•Fill the hanging basket as normal, using soil less compost and incorporate slow release fertiliser granules.
•Plant the fibre pots in circles, alternating between peas and sweet peas.
•Dead head the sweet peas and crop the dwarf peas as they mature.
•Don’t forget to add more fertiliser as necessary during the season.
Cut and come again salad.
•Use a container approx 16" square, fill 2" deep with crocks or polystyrene and then fill with soil less compost to within 2" of the rim.
•Firm down and sow seed lightly on the surface, cover with about ¼" of compost or sand.
Water lightly with a watering can and rose.
•Thin seedlings as necessary, bear in mind that mildew and aphids love close growing plants. Ensure that light and air can reach all the plants.
•Most garden centres sell packets of seed for this purpose, incorporating lettuce, rocket, frilly lettuce and spinach.
•Harvest by picking off the outer leaves, leaving the plants to continue growing.
•Set seed of carrot, beetroot and lettuce in modules, using seed compost.
•When germinated, thin out, leaving the strongest seedlings to grow on.
•Fill a deep container with crocks 2" deep, then soil less compost to 2" below the rim. Water until fully soaked.
•Plant out the seedlings, carrots in the centre, then beet and lettuce around the edge.
•Sow replacements little and often, bearing in mind that most plants will mature in around two months.
•Choose a deep container, minimum roughly a half barrel or minimum 24" square. Some people use dustbins or large sacks!
•Place crocks in the bottom, then 4"of compost.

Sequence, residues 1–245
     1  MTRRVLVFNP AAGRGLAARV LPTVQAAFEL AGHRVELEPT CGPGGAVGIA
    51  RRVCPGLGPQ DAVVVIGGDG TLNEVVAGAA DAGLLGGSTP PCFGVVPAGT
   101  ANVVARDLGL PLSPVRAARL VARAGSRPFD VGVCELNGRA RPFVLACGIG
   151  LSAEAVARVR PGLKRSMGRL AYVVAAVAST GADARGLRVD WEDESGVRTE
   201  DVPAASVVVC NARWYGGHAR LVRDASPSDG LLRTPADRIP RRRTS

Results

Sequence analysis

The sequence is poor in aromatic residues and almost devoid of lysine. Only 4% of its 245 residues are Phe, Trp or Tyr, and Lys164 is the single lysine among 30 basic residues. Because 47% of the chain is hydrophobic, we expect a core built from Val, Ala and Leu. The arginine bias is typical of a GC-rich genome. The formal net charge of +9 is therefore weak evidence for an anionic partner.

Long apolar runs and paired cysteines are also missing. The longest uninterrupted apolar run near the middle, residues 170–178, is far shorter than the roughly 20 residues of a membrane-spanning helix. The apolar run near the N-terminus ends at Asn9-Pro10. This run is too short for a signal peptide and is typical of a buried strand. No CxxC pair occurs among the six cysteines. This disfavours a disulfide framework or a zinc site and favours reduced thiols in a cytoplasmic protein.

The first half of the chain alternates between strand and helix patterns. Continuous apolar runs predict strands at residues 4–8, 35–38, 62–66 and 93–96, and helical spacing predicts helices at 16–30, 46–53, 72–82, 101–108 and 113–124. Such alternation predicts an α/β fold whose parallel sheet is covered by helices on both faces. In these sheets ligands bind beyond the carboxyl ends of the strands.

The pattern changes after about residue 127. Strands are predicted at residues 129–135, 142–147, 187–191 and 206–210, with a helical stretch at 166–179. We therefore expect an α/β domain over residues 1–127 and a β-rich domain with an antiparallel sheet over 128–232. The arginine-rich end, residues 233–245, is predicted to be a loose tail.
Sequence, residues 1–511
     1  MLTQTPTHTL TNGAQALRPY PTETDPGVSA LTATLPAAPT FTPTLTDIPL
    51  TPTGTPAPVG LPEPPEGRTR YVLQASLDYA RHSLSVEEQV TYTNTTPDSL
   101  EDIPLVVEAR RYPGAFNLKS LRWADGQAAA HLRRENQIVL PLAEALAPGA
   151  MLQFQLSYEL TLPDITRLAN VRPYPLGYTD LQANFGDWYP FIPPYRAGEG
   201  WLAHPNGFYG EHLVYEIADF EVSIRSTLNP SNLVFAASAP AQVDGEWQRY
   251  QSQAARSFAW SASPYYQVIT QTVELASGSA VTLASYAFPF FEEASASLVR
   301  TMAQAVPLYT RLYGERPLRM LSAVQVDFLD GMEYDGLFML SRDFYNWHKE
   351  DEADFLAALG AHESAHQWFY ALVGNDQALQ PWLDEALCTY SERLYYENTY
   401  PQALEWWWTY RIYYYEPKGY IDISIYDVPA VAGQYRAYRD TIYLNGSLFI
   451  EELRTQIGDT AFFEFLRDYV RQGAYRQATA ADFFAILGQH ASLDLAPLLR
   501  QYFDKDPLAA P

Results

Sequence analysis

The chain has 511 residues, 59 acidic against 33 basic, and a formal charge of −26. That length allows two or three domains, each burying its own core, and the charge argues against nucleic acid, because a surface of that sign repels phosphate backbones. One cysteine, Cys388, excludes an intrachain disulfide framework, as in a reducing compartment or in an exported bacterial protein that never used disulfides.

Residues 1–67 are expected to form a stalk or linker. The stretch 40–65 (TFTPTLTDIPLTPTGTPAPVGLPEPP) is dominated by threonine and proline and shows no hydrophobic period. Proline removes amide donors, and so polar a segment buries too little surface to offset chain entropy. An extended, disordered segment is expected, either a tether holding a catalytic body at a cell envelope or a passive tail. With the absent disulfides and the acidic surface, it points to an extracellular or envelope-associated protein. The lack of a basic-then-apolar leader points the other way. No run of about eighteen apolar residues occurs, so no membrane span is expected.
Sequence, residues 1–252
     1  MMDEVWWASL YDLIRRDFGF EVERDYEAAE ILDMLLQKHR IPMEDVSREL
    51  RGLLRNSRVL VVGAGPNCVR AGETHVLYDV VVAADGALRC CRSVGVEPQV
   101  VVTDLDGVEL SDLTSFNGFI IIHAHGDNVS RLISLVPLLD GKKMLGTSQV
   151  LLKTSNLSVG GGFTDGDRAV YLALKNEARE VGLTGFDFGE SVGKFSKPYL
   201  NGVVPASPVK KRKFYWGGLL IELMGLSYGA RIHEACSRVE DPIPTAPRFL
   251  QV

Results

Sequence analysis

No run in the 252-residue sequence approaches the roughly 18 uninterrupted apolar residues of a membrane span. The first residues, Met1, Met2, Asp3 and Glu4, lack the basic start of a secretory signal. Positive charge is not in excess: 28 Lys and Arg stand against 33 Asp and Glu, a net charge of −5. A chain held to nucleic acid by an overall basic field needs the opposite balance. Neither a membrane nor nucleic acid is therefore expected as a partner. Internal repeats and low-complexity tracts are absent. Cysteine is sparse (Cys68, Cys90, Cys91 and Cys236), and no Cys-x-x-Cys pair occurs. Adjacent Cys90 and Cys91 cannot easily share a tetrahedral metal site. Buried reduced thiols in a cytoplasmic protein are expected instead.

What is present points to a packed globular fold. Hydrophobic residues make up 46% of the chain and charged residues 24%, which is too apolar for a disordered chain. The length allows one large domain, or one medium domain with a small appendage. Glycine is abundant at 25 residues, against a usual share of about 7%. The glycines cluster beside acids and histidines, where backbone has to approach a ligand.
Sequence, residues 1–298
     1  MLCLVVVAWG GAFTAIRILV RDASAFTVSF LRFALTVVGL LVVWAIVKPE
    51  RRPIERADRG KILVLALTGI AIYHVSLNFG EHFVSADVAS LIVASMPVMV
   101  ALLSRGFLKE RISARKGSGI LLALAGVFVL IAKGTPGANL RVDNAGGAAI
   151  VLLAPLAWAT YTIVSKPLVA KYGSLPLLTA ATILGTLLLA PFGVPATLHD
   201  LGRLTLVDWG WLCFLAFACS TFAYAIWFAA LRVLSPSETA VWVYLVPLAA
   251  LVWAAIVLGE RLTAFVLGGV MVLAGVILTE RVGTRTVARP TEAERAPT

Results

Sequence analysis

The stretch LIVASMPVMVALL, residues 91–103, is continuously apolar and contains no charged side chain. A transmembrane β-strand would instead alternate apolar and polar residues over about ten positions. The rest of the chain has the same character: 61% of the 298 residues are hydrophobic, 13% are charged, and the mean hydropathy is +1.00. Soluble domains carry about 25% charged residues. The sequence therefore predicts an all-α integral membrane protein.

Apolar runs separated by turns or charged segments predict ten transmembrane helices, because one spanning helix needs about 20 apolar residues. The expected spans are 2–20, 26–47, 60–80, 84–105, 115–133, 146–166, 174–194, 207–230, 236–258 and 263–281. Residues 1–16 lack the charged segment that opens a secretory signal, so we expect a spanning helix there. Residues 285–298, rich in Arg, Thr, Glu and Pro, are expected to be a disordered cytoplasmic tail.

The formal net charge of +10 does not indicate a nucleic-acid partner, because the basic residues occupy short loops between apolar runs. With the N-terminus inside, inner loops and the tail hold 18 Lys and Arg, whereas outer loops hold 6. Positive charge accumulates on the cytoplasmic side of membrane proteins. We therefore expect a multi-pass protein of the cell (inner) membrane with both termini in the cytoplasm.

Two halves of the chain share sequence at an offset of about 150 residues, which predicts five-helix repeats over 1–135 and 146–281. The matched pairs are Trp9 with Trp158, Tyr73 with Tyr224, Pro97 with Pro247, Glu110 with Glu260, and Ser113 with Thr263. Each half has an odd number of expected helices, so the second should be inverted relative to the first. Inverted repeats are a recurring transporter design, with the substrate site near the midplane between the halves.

•Place the tubes on the compost, then cover with 4" of compost.
•When the shoots appear, cover with compost and keep doing this until the container is filled to 2" below the rim. You can also plant more tubers in layers in the tub if it is deep enough.
•Keep well watered, especially when the flowers appear.
•Harvest when the flowers die off.
Runner beans and companions
•Sow the runners in modules or 3"pots, sow morning glory or nasturtium in modules.
•When germinated, fill a half barrel container as previously with crocks and compost.
•Plant out on a frame or obelisk, train plants up as required. Nip off the growing point when plants have reached the top.
•Use a dwarf variety of runner, Hestia or Pickwick are good varieties.
•Sow seed of kale, chard and spinach beet in modules in late spring.
•Prepare a container 24" square with crocks and compost.
•Plant the seedlings out in rows or blocks as you wish, water well.
•The plants will stand through the winter, but can suffer wind and frost burn, so place them in a sheltered area in late autumn.
•Harvest by removing leaves, on the kale, take top leaves to encourage side shoots.
Beans and peas
•Sow seeds in modules in spring
•When germinated, thin as necessary.
•Prepare a window box or trough container about 30" by 10" as previously with crocks and compost.
•Plant out the seedlings in rows, fix twiggy sticks for them to climb up.
•Suggested varieties include dwarf bean "Maxi", asparagus peas, borlotti bean "Supremo" or "Borlotto Firetongue"